Food safety boosts development, international trade

 

Safe and quality foods could help address health and poverty issues in the country

THE PHILIPPINES strives to achieve food security while being attentive also to food quality and safety.  Agricultural policies in recent years were drawn to raise food production and ensure safe agriculture and food products.

Safe and quality foods could help address health and poverty issues in the country.  Local experience shows a strong link between health and poverty.  Poor health conditions decrease potential for productivity and limits a person’s socio-economic activities.

Food safety and quality is also important for the country especially in its effort to enhance international trade.  Major importing economies like the European Union, Japan, and the United States have imposed strict sanitary and phytosanitary standards for exporting countries.

The implication of such standards to an agriculture exporting country like the Philippines is it would have to establish a system for food traceability, and certification system on good agricultural practices covering crop protection, product handling, and chemical use.

The country’s food safety, quality, and traceability systems are currently underdeveloped. Experience in many developing countries point to several reasons for unsatisfactory food safety system such as:

  • Complexity of food system or supply chain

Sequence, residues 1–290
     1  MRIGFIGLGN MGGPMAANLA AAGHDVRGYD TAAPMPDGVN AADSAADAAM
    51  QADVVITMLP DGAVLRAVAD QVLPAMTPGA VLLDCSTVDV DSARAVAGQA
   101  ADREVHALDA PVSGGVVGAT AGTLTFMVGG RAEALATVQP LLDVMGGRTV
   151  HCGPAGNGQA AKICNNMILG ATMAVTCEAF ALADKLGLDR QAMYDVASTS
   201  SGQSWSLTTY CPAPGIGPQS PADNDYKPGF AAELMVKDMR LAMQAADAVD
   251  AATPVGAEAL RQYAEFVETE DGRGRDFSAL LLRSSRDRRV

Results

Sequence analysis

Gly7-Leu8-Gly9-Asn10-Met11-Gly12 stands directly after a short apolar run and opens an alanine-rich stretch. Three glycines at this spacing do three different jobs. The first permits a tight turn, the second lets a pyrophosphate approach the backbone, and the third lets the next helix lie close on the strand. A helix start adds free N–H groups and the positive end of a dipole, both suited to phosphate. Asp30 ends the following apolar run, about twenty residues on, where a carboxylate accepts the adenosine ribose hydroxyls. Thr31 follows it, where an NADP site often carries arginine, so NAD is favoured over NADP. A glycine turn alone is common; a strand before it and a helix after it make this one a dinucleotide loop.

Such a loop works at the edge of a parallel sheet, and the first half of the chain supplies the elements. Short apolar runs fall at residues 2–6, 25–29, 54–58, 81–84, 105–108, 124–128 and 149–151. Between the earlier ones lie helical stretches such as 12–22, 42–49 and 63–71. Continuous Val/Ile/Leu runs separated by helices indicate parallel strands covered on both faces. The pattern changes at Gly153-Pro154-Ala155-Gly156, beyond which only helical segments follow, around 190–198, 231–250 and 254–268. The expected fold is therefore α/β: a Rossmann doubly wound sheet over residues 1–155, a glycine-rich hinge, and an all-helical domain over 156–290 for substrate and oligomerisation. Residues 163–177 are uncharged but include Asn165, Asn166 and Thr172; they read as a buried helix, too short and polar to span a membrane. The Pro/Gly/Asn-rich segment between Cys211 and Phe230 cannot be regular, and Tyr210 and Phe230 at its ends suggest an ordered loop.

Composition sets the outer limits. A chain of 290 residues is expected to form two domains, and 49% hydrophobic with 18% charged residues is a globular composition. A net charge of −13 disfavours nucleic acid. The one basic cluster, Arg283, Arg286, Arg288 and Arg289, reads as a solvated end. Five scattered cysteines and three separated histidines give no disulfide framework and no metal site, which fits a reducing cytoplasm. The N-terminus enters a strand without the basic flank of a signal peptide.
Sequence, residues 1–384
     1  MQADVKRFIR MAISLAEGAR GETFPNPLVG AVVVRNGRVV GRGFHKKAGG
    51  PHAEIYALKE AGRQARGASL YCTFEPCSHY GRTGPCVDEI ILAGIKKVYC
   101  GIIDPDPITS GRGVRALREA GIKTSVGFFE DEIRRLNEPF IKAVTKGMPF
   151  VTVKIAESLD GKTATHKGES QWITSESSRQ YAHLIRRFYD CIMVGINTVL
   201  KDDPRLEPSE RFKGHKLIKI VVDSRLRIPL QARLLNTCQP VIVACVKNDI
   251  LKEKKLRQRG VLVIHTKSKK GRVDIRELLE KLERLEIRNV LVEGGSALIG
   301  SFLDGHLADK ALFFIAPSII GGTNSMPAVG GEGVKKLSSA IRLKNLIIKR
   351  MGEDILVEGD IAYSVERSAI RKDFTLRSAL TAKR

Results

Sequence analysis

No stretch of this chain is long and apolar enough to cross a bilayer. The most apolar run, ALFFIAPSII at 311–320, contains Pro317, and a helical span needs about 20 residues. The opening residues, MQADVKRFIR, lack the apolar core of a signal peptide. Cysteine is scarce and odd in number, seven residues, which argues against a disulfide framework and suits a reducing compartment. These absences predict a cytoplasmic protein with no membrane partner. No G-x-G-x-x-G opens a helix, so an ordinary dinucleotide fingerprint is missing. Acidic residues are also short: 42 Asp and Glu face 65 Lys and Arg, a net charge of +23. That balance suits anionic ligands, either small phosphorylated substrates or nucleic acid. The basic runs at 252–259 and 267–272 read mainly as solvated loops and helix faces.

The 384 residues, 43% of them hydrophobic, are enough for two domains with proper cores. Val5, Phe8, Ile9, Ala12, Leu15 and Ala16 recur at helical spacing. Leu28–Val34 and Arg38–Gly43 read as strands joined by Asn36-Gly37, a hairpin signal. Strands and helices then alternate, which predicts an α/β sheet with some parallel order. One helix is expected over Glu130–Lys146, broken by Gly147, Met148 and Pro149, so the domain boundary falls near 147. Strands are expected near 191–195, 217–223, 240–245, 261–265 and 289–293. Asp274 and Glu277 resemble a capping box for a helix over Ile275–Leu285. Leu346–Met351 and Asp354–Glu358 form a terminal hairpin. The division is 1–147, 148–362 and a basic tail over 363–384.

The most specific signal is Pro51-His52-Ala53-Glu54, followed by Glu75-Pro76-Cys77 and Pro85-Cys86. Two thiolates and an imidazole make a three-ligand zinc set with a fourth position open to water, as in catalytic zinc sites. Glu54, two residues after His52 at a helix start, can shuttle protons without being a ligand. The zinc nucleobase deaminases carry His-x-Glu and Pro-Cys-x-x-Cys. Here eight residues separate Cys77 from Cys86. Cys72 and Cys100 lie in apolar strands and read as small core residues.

• Lack of coordination or cooperation among government agencies and production sectors
  • Poor application of modern and science-base knowledge and of appropriate management concepts or practices
  • Ineffective institutional infrastructure
  • Lack of physical infrastructure and suitable facilities
  • Inadequate human resource capability

Improving food safety and control system in the country is a huge task that requires holistic approach including interventions that would establish or strengthen regulatory system, build the capacity of relevant institutions and human resource, and encourage government and industry participation.

The World Bank suggests the following measures as possible components of food safety projects in developing countries:

Export focused

  • Systems for product traceability
  • Establishing disease-free zones
  • Developing laboratory capacity for residue testing, microbial counts, etc.
  • Chain management (‘from farm to the table’) regulation and training
  • Strengthening capacity for food inspection and certification
  • HACCP training
  • Market information about import standards in export markets
  • Training in appropriate use of pesticides and veterinary pharmaceuticals

Domestic market focused

  • Basic investments in water and sanitation
  • Hygiene training for street food vendors
  • Hygiene practices for wholesale marketplaces
  • Provision of disease-free seeds and seedlings
  • Legal framework for seed inspection and certification, plant and animal quarantine infrastructure
  • Eradication of specific plant pests
  • Vaccination programs against livestock diseases

PCARRD believes that food safety, quality, and traceability are important to make the country’s key agribusiness industries globally competitive.  It advocates the development of a food safety and traceability program to strengthen the country’s capability to ensure food safety and quality. STP



 

 

 

 

 

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